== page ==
THE neonatal unit at St Mary’s Hospital, Newport, has been downgraded — effective from last Sunday (September 9).

Now the unit is a level one Special Care Unit (SCU), which can care for babies who need continuous monitoring of their breathing or heart rate, born after 32 weeks.

The unit was previously a Local Neonatal Unit (LNU), equipped for babies born after 27 weeks.

Any woman with a single pregnancy below 32 weeks, and any woman with a multiple pregnancy below 34 weeks will be transferred to the mainland for alternative care.

It is estimated approximately 20 women and ten babies each year will be affected by the change.

A review by NHS England showed the LNU at St Mary’s Hospital has the lowest number of babies born anywhere in England.

There are around 1,100 births a year on the Isle of Wight and the LNU cared for 98 babies in 2017. Of those, 92 were born after 32 weeks gestation.

Babies may be transferred from the Island to a mainland unit for specialist treatment but can return to the Island as their health improves for ongoing care before discharge home.

In a statement, the Isle of Wight NHS Trust said the Island’s neonatal service had “a dedicated team of staff.”

However, it said the very low number of babies being cared for, made it difficult to ensure the team gained enough experience of caring for babies who needed short-term intensive care.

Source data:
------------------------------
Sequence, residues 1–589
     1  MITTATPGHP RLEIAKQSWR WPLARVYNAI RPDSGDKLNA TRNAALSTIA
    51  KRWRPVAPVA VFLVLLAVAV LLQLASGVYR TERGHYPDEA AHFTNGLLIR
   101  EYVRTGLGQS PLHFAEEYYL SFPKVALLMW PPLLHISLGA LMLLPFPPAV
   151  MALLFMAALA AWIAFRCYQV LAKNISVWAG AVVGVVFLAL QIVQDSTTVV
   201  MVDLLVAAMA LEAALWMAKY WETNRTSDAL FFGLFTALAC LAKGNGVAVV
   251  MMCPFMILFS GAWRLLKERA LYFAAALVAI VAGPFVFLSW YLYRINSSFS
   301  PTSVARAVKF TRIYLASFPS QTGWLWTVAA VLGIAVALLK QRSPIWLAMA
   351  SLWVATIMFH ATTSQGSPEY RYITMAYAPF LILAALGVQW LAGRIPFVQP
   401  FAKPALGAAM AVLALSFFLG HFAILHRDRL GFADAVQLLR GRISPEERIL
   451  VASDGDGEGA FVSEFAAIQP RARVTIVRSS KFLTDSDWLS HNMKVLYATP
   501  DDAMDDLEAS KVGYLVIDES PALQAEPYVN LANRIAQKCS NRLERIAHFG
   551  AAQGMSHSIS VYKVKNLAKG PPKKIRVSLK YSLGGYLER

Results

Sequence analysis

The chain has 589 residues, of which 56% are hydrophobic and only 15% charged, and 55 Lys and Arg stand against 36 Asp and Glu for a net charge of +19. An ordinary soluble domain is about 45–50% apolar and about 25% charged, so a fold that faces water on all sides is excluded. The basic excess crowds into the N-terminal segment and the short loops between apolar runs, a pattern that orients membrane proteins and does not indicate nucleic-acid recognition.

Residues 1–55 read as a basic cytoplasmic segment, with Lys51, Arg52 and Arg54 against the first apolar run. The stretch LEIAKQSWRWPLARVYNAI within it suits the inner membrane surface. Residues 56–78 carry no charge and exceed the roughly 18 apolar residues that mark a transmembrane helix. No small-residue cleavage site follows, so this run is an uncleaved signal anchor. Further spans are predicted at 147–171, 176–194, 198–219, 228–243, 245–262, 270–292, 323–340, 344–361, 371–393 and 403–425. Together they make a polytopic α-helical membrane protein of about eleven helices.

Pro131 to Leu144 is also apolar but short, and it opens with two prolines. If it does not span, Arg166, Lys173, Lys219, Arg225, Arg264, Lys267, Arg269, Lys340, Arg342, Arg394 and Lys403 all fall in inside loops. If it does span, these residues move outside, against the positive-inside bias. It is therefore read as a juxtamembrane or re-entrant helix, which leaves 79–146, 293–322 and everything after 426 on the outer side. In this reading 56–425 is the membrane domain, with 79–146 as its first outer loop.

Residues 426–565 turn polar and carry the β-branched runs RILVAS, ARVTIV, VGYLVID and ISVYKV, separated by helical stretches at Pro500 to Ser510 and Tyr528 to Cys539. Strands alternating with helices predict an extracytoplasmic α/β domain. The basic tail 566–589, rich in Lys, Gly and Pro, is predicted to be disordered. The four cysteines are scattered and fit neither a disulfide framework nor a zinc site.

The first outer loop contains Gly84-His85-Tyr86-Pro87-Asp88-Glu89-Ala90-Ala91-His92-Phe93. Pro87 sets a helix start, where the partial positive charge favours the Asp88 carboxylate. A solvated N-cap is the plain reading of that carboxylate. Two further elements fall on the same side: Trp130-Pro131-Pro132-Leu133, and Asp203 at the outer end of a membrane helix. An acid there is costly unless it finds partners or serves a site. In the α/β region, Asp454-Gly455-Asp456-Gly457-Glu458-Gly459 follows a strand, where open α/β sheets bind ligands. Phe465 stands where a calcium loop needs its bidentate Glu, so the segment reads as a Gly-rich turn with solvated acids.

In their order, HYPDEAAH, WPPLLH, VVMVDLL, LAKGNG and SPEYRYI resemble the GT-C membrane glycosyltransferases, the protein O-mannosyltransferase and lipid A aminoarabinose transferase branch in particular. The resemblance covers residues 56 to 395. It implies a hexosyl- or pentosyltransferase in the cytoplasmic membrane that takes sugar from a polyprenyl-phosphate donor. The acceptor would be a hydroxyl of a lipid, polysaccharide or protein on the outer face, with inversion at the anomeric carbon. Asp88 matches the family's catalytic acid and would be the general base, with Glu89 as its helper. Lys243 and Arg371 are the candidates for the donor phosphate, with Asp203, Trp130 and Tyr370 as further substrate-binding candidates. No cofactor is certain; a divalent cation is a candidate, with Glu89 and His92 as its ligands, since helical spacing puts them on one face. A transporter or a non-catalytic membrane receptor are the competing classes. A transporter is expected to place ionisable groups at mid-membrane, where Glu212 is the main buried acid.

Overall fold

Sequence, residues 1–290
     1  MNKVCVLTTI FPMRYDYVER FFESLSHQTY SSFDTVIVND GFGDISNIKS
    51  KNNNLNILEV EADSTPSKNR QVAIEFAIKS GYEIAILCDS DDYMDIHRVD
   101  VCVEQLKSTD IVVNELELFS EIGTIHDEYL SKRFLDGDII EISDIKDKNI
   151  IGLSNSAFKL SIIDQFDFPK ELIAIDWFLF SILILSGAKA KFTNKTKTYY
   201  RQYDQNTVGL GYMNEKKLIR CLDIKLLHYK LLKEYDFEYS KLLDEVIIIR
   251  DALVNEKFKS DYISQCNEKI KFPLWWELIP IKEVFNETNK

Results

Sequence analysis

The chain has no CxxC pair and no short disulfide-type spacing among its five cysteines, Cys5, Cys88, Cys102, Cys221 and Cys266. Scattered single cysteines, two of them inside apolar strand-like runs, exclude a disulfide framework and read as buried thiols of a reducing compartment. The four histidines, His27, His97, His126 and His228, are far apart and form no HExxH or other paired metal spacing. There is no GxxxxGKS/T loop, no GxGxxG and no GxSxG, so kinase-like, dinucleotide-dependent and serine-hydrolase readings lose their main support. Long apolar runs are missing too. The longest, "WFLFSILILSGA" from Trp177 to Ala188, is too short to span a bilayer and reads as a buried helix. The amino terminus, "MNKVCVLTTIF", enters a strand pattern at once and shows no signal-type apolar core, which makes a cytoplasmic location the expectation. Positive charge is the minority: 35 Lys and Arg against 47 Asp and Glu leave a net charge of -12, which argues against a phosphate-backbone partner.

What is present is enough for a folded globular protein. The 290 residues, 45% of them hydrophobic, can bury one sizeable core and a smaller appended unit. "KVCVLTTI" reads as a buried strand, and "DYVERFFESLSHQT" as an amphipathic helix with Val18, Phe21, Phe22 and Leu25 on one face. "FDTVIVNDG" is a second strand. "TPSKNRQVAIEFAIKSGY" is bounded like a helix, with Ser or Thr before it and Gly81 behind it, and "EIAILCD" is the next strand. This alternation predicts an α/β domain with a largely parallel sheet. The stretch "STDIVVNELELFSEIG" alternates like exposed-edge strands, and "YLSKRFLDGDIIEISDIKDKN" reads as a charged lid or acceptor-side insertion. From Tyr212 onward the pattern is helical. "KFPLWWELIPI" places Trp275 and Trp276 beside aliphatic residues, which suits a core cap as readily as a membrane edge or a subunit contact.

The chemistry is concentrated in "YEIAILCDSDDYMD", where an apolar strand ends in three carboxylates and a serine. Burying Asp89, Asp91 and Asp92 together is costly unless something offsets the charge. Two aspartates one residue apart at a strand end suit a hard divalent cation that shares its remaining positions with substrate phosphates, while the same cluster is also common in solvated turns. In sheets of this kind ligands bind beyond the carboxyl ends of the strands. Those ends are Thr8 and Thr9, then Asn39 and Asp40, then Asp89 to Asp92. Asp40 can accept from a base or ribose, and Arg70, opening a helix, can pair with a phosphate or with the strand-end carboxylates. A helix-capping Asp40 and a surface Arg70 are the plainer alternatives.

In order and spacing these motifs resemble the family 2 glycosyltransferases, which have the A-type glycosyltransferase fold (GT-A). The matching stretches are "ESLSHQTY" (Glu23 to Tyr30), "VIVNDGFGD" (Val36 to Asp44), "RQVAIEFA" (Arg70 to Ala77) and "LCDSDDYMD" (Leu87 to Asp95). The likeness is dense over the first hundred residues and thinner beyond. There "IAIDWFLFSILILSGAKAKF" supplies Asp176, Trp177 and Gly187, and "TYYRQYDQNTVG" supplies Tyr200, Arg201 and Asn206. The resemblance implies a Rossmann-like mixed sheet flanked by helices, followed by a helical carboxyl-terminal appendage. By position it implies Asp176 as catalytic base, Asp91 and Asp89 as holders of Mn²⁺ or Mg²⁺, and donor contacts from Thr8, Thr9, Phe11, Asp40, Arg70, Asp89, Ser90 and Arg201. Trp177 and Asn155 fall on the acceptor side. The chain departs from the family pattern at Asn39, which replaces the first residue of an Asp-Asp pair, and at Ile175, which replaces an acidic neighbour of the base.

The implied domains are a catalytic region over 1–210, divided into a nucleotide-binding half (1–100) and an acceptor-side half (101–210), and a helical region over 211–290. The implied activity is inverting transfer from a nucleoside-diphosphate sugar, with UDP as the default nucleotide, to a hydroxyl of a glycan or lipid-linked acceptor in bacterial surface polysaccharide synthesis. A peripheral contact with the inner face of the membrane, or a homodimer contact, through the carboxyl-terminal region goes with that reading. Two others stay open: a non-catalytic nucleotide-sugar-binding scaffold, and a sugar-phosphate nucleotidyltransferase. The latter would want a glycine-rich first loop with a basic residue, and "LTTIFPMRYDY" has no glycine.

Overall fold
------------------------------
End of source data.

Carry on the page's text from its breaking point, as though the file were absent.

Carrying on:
Last year the unit looked after ten babies who needed this kind of care.

The trust said the advice of expert doctors from the British Association of Perinatal Medicine was staff needed a regular caseload of babies to ensure they maintained their skills and expertise.

Dr Barbara Stuttle, director of nursing, midwifery, allied health professionals and community services said: “We recognise the difficulties presented by travel across the Solent for patients and their relatives.

“The number of families affected by this move from a Local Neonatal Unit to Special Care Unit is small but we believe that this provides the best level of expertise and safe care for babies who require specialist support.

“Improved networking between the neonatal services on the mainland and the Island will help to ensure that where a babies health improves and a lower level of care is required they are returned to the Island at the earliest opportunity.”